|Born||October 24, 1817|
|Died||October 6, 1849(aged 31)|
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Vilmos Lázár (24 October 1817 Nagybecskerek – 6 October 1849 Arad) was a honvéd colonel in the Hungarian Army. He was executed for his part in the Hungarian Revolution of 1848, and is considered one of the 13 Martyrs of Arad. According to historian Gábor Bóna, he was from a family of Hungarian nobility of Armenian descent.
Born into an Armenian-Hungarian noble family, Lázár began his military career in 1834 when he entered the service of the 34th infantry of the Imperial army. Emperor Ferdinand I commissioned him as a second lieutenant in the Hussar regiment, but in 1844 he retired from a military career and returned with his wife, Baroness Mária Revitzky to his estate farm in Zemplén. In 1847 he was the main cashier of the railway company.
As a result of the 1848 uprising, he volunteered his service into the Hungarian honvéd army. He became a lieutenant of the 39. Győr battalions on 19 October, and on 13 November he became the captain of the pioneer battalion. He participated in the organization of the pioneer staff and in January 1849 he served in the battalion of Mór Perczel. From 1 February on, he served in the rank of major as an adjutant of general Mihály Répásy. Representing the general, he participated in the assembly of Tiszafüred on 3 March where Görgei forced Dembiński to resign.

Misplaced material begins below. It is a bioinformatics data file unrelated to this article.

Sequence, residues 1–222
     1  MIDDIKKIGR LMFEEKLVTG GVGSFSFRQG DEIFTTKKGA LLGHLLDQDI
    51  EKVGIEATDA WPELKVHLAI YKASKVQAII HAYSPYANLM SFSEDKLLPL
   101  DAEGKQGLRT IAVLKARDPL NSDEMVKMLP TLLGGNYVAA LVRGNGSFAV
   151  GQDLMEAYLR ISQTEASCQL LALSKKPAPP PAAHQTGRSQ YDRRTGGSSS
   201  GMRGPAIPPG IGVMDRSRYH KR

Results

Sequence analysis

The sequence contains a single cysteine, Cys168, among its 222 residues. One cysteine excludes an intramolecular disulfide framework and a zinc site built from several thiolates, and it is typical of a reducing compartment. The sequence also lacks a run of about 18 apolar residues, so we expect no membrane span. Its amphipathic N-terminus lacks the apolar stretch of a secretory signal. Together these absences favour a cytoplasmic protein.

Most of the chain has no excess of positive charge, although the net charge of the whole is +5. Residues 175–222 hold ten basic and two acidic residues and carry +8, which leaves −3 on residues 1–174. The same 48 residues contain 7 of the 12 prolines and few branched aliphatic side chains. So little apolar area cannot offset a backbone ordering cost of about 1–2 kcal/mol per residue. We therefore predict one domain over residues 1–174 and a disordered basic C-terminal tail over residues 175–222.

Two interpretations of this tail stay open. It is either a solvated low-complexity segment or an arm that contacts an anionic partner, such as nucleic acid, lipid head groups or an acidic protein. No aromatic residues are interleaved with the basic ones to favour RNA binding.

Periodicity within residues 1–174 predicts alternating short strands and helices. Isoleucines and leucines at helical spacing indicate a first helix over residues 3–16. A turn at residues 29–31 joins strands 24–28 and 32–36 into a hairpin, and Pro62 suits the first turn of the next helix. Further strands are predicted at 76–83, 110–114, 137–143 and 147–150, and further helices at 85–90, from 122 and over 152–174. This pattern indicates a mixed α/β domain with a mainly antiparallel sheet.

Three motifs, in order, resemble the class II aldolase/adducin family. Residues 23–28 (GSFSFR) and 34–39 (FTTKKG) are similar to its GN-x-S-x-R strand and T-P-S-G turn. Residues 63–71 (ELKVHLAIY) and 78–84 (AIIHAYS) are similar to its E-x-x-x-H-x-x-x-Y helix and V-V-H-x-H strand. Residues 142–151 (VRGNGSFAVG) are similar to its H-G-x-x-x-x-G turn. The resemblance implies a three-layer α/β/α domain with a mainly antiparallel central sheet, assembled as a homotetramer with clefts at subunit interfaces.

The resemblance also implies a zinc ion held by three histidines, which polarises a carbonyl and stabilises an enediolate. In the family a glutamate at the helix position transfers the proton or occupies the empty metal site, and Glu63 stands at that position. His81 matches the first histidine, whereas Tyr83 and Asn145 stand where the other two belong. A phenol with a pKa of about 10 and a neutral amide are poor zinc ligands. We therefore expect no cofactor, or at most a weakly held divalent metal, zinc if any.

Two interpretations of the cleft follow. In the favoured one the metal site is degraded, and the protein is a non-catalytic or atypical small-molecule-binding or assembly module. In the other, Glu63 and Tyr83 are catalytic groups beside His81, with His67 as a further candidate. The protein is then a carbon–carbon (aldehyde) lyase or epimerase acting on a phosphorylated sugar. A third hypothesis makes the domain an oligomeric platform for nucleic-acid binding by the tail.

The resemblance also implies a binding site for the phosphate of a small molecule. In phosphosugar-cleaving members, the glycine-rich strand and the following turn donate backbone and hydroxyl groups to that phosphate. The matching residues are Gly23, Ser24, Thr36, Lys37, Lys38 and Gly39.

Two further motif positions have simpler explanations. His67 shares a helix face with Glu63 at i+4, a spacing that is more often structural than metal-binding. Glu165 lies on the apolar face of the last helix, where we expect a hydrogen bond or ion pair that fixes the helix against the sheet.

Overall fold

On 5 April Lázár was appointed as commander of a brigade stationed in Zemplén. His unit was responsible for securing the country's boundary with Galicia. At the end of the month the brigade was reassigned to the legion forming in Kassa (present-day Košice), Upper Hungary and he was promoted to a higher position. In the middle of June he became the commander of a division in the legion, which participated in the Dukla Pass battle's rearguard actions against a Russian Tsarist Army between 17-19 June. On 16 July he was promoted to lieutenant colonel and fought in the last battles of the war of independence. On 12 August, General Bem promoted him to colonel and instructed him to command IX. legion formed from the remainder of the Upper Hungarian corps. After the defeat Lázár led his troops to Lugos (present-day Lugoj), near Karánsebes (present-day Caransebeș). He split from Arisztid Dessewffy and headed towards Hátszeg (present-day Hațeg), but on 19 August along with the remainder of his legion (4,600 people) he had to lay down arms in front of the imperial troops.
Although Lázár only attained the rank of colonel, as a separate corps commander in the War of Independence he was considered to have equal status with the generals in the Arad military court martial. He was sentenced to execution by firing squad, seen as merciful in comparison to death by hanging. He was among the first group executed.
His bones were uncovered in 1913 at the Arad fortress cemetery. His body was then laid to rest in the crypt with a monument to him as a martyr. His wife was Baroness Mária Revitzky, a widow with three children from her first husband, Jószef Halasy de Dévaványa (1784–1844). She died in 1873, in Budapest at the age of 62 while visiting her son-in-law, Imre Székely.